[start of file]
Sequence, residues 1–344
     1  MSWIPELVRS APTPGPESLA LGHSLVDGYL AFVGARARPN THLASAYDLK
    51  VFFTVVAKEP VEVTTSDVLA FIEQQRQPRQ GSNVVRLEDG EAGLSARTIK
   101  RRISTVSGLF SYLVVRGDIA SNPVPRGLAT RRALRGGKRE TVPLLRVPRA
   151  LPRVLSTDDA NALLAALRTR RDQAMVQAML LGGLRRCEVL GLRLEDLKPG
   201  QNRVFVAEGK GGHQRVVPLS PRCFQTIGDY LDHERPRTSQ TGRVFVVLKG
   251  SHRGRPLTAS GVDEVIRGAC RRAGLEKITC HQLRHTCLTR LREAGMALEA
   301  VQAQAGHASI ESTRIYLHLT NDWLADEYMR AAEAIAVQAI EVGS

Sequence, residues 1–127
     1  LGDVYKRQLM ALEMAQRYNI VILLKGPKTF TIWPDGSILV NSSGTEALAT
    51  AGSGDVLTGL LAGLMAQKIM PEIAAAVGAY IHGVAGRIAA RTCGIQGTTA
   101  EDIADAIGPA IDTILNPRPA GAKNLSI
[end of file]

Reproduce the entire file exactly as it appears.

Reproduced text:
Sequence, residues 1–344
     1  MSWIPELVRS APTPGPESLA LGHSLVDGYL AFVGARARPN THLASAYDLK
    51  VFFTVVAKEP VEVTTSDVLA FIEQQRQPRQ GSNVVRLEDG EAGLSARTIK
   101  RRISTVSGLF SYLVVRGDIA SNPVPRGLAT RRALRGGKRE TVPLLRVPRA
   151  LPRVLSTDDA NALLAALRTR RDQAMVQAML LGGLRRCEVL GLRLEDLKPG
   201  QNRVFVAEGK GGHQRVVPLS PRCFQTIGDY LDHERPRTSQ TGRVFVVLKG
   251  SHRGRPLTAS GVDEVIRGAC RRAGLEKITC HQLRHTCLTR LREAGMALEA
   301  VQAQAGHASI ESTRIYLHLT NDWLADEYMR AAEAIAVQAI EVGS

Sequence, residues 1–127
     1  LGDVYKRQLM ALEMAQRYNI VILLKGPKTF TIWPDGSILV NSSGTEALAT
    51  AGSGDVLTGL LAGLMAQKIM PEIAAAVGAY IHGVAGRIAA RTCGIQGTTA
   101  EDIADAIGPA IDTILNPRPA GAKNLSI